4. Claire – 47 days! So long to wait! You will love Beas, the cakes looked incredible but I only wanted a light snack. And of COURSE we will all be talking about Persephone Reading Week for weeks and months to come…there is next year's to plan for yet!Darlene – I'm glad you got to see St Paul's, it really is magical! Get The Closed Door and Other Stories just as soon as you can, you won't regret it!Danielle – Yes, that photo is haunting, isn't it? READ DOROTHY WHIPPLE NOW! That is an order! Your life will never be the same again afterwards!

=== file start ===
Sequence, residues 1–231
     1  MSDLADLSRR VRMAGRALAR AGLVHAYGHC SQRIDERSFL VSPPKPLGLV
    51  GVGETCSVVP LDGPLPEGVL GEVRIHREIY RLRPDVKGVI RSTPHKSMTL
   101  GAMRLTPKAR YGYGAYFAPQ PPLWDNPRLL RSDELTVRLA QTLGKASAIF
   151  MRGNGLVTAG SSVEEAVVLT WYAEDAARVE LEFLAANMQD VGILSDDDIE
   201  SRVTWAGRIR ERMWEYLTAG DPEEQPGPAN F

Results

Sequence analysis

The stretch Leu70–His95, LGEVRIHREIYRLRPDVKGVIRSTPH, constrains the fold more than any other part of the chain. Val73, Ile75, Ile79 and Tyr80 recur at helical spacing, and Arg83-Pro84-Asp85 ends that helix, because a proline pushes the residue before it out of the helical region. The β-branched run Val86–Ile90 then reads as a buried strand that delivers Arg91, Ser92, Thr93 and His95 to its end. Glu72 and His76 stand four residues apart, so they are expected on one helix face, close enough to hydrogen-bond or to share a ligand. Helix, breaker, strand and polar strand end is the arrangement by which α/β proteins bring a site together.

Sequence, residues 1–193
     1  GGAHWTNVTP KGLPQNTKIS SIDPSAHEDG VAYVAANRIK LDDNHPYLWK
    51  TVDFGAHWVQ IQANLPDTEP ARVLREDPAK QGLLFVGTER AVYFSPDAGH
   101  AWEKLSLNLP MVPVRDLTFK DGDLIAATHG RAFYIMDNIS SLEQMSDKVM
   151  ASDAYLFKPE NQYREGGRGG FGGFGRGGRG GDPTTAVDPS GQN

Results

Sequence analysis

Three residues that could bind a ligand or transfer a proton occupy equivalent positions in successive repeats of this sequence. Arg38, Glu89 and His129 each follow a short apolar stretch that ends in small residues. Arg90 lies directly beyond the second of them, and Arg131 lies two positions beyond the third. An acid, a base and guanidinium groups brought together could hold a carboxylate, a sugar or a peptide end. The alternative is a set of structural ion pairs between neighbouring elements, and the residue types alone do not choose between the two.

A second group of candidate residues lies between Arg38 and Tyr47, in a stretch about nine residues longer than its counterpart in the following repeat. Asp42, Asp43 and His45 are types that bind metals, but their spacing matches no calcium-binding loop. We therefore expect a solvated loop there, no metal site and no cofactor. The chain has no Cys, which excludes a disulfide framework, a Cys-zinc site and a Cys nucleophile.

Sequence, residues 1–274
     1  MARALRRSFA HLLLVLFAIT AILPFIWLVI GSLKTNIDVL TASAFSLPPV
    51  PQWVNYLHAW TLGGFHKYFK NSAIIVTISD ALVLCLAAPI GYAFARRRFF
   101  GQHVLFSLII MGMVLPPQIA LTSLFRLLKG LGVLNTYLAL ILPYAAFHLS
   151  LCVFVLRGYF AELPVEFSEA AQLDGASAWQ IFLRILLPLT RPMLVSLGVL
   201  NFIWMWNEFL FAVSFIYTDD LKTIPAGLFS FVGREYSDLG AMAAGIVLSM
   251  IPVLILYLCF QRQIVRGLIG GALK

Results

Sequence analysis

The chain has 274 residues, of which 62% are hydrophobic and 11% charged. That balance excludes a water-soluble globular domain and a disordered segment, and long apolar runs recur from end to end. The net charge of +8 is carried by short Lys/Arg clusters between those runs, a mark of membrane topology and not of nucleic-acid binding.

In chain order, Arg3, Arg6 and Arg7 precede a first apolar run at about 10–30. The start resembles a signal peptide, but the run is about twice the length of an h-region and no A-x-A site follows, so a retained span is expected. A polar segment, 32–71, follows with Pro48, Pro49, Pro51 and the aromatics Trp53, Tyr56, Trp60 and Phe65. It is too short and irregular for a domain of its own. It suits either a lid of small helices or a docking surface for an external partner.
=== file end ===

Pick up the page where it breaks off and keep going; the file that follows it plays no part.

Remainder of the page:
5. I also read this for Persephone week- I'm finding it hard to get those poor, suffocated daughters out of my head. Very good stories, but definitely disturbing.

  6. Jealous…I miss London. Last time I was there, my mum and I got lost trying to find St. Paul's, and we stumbled on this little tower on Wood Street – same thing as your one, the tower is what's left after the Blitz. It's stood on this traffic island in the middle of massive office buildings. I'm glad y'all had a good time!